The Casina was originally the 'Swiss Cabin' designed by the landscape designer and architect Giuseppe Jappelli. In 1908 it was transformed into a “Medieval Hamlet”, by the architect Enrico Gennari. The small building became an elaborate residence with huge windows, loggias, porticos and turrets, decorated with majolica and stained glass. It became known instead as the 'House of the Owls' or the 'Casina delle Civette.' It is a strange mish mash of architectural styles.

Inside the house is richly decorated in an art nouveau style, one of the few (maybe even the only) such interior in Rome.

The staircase of the FourSeasons which runs against the building and leads outside. The sequence on the walls (not really visible in this photo) follows the theme of the four seasons: Spring, Summer and Autumn follow one after the other.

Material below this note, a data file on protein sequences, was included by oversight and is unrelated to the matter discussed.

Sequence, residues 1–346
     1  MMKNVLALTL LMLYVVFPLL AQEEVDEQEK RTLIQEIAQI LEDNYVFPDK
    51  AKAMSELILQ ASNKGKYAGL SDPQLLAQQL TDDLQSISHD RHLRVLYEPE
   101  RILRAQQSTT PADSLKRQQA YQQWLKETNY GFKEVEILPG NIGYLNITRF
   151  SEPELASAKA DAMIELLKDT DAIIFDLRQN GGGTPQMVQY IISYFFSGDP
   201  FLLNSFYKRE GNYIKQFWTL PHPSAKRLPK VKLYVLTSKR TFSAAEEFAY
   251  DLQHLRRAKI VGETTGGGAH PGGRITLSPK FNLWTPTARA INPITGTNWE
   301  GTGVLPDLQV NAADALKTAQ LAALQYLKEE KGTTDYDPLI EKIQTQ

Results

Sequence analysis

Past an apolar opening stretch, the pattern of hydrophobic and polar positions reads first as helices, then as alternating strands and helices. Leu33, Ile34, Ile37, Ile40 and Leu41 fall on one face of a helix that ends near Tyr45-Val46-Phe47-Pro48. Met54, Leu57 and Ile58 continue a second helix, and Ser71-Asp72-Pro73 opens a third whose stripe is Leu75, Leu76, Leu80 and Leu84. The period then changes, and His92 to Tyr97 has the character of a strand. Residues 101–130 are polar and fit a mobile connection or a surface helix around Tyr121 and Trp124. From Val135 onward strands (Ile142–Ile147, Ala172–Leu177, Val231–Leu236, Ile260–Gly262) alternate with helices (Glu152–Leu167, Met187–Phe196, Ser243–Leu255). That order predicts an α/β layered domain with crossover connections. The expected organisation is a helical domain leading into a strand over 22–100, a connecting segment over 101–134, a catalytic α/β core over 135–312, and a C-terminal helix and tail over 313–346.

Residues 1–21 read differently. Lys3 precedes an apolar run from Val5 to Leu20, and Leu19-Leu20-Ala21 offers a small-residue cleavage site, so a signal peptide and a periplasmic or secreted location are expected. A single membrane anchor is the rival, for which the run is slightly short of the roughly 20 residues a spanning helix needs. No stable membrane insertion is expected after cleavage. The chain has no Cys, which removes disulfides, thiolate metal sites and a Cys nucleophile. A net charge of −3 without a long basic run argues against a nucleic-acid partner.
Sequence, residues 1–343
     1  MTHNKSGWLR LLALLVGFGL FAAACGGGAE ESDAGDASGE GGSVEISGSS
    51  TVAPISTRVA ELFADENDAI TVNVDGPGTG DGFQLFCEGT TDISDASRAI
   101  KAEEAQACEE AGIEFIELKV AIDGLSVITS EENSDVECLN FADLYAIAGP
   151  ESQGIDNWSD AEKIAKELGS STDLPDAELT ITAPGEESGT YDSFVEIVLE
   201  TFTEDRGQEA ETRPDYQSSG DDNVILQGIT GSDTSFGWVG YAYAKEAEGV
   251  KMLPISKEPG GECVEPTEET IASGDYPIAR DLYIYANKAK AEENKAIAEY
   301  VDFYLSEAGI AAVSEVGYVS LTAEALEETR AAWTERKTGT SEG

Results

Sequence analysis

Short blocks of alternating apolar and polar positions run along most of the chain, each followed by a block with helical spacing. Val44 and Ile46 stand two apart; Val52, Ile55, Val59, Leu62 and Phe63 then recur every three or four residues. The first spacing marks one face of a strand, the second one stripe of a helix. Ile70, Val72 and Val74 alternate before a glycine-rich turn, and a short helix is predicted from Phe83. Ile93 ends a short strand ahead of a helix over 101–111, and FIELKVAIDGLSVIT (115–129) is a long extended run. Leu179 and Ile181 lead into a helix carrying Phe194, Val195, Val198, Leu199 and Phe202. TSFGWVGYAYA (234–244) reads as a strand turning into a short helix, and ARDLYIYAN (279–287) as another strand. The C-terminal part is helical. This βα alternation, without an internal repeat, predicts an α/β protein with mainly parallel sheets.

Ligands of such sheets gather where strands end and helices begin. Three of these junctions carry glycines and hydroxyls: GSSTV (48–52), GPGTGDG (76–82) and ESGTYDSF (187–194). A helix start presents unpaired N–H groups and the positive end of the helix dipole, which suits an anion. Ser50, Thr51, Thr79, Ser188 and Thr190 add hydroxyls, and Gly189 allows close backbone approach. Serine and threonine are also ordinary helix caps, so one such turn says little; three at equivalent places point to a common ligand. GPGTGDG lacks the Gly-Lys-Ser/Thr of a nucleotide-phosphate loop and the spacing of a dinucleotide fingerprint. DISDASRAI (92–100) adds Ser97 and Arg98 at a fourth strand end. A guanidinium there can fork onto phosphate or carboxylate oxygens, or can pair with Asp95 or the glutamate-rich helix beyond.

The rhomboid panels of glass in the ceiling were designed by Duilio Cambellotti and have the theme of migratory birds: “Swallows”, “Skylarks”, “Thrushes” and “Migrating Birds”.
Only “Migrating Birds” is an original piece; it survived, although in a terrible condition, and was put back in place after restoration. The other three were made in 1997 by the Giuliani Glass Works, based on the sketches on display in the Prince’s bedroom.
The Floor with inlaid flowers.

The Ceiling Fresco in the Room of the 24 hours, painted in1909 by Giovanni Capranesi an art nouveau interpretation of the tradition fictive arbour common in Italian villas.

The house also houses a collection of beautiful stained glass works by the artists from the workshop of master glassmaker Cesare Picchiarini (1871-1943).
Swallows by Cesare Picchiarini (1871-1943)

The magnificent peacock window by Umberto Bottazzi (1865-1932).

The fairy by Duilio Cambellotti (1876-1960)
The Swallows by Duilio Cambellotti (1876-1960)